One might expect anything contained in a Hemp plant to also be in any extract from that plant but owing to the fact that contaminants are not stored equally around the parts of the plant, it is frustrating that the article does not tell us which parts of the hemp were used to extract the CBD or what kind of Hemp was used. If it was Industrial hemp, the extract would have been sourced from the absorbent leaves. This is because Industrial Hemp is usually male and the sparse male flowers contain little CBD if any. In fact the leaves of even high grade cannabinoid rich Cannabis plants typically contain little CBD in the shade leaves so you would need a lot of processing and a lot of leaves to obtain a useful amount of CBD. If copious quantities of highly absorbent leaves of Industrial hemp were used, then very likely the results would show significant amounts of toxic contamination. So, was the CBD from the leaves of low quality Industrial Hemp or high quality, high resin Cannabis buds used in this experiment? Clearly this is an area that would benefit from a great deal more published research. It would be useful to know just how much, if any, heavy metal contamination is typically in the resin of the buds of contaminated plants. Unfortunately, I could find nothing on that subject. One also becomes aware that these types of articles by accredited companies and researchers always seem to promote the argument, directly or indirectly, that CBD should become the exclusive property of the pharmaceutical industry so that any inherent dangers, real or otherwise, might be eliminated. This one proved to be no exception. The other responsible path to take would be to educate the consumer who can then make rational choices based on solid research. That is, research that includes the examination of obvious, albeit inconvenient variables.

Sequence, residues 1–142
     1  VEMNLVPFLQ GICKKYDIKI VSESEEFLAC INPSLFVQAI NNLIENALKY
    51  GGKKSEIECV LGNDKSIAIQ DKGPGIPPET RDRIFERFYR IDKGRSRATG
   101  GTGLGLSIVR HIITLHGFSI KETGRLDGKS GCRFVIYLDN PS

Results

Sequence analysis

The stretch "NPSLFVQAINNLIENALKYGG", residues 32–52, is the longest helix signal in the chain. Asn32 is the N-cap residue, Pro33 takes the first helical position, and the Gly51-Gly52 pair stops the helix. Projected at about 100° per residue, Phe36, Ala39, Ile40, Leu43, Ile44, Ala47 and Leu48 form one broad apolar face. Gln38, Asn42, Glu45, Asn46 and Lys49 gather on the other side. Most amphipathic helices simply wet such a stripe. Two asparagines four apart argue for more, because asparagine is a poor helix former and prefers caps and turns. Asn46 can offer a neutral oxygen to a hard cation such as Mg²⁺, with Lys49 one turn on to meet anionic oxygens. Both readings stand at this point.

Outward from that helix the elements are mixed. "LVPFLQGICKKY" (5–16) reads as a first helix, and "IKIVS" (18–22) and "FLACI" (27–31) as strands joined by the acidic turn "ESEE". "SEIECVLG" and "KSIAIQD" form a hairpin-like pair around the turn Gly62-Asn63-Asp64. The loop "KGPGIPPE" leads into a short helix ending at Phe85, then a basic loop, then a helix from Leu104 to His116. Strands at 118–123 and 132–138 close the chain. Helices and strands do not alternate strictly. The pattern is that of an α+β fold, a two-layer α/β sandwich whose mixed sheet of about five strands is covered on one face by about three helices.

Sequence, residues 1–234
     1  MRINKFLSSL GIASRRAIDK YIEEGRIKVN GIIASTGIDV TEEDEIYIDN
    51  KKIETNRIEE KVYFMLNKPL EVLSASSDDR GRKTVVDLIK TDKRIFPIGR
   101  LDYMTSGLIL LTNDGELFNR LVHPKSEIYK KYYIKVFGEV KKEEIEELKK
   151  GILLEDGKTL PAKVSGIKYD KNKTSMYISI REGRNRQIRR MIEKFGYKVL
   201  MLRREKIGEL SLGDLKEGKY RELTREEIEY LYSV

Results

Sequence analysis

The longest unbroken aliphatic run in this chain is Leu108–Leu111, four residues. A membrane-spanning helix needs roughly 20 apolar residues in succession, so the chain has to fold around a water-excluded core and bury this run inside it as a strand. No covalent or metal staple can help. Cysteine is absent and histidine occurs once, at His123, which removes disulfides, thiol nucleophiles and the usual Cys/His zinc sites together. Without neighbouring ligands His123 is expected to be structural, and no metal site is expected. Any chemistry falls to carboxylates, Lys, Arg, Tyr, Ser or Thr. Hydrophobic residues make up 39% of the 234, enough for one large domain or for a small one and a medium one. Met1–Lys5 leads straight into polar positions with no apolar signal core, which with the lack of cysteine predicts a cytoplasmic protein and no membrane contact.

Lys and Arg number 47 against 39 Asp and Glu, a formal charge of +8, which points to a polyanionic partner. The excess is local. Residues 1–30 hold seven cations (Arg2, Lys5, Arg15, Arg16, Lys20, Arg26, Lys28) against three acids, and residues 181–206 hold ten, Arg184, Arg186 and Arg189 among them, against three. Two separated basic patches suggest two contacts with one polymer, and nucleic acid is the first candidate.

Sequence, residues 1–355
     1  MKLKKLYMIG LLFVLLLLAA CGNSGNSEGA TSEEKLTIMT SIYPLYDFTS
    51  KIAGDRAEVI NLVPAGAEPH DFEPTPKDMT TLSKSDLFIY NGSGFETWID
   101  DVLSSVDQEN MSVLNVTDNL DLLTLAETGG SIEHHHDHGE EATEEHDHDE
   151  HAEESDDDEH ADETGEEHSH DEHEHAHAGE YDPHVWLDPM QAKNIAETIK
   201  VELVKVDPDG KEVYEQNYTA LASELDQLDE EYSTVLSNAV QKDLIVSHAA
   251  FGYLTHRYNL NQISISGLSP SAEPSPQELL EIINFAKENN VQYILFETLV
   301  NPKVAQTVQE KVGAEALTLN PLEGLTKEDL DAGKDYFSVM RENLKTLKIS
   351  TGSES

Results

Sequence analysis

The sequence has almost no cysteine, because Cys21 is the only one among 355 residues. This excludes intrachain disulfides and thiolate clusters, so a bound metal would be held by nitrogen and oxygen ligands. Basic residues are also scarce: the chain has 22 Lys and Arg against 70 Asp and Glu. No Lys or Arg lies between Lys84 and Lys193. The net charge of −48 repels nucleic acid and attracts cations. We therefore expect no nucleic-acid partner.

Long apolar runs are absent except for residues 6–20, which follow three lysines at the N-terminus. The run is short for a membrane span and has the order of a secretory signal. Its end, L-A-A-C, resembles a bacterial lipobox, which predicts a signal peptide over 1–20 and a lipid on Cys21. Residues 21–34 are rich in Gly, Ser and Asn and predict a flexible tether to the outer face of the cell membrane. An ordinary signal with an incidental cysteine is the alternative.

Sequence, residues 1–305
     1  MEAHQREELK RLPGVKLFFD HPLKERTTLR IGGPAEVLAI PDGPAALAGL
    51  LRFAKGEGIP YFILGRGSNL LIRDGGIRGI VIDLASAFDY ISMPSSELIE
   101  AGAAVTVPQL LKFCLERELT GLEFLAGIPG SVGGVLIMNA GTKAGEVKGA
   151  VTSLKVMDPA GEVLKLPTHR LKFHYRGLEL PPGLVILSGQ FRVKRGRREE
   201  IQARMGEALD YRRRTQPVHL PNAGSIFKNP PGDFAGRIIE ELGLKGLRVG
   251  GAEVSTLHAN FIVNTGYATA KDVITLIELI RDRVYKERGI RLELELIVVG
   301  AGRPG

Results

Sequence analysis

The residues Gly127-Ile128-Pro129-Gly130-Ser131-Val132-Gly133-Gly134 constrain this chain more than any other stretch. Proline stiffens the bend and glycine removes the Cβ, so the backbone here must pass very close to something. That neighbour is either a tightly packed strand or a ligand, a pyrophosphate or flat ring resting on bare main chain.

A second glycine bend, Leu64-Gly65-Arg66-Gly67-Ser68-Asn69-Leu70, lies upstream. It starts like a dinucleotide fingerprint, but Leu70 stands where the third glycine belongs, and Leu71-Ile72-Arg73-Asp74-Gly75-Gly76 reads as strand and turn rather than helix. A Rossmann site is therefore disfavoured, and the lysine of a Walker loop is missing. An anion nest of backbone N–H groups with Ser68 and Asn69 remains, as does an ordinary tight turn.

CBD Products Blog
As mentioned, the cannabinoids THC and CBD in hemp are found mainly in the sticky resin that is exuded from the female buds of Hemp/Cannabis. These and other important cannabinoids, terpenes and flavinoids vary greatly in their ratios and quantities from strain to strain. Growing conditions are also a very important factor in determining the ratios of CBD and THC in any given plant. THC (the stuff that makes you high) is present to some degree in all female Cannabis flowers but some strains are specially developed so that THC content remains low but the CBD content is high. The strains that produce a higher concentration of THC than 0.3% in their raw state have been exotically dubbed “Marijuana” by federal law in the United States, such, “Marijuana” is illegal to grow or use in the UK. Also the parts of the plant containing the highest concentrations of THC like the flowers and trim leaves in a female plant can be grouped as “Marijuana” even if the rest of the plant is classed as common, legally permitted, “Hemp”.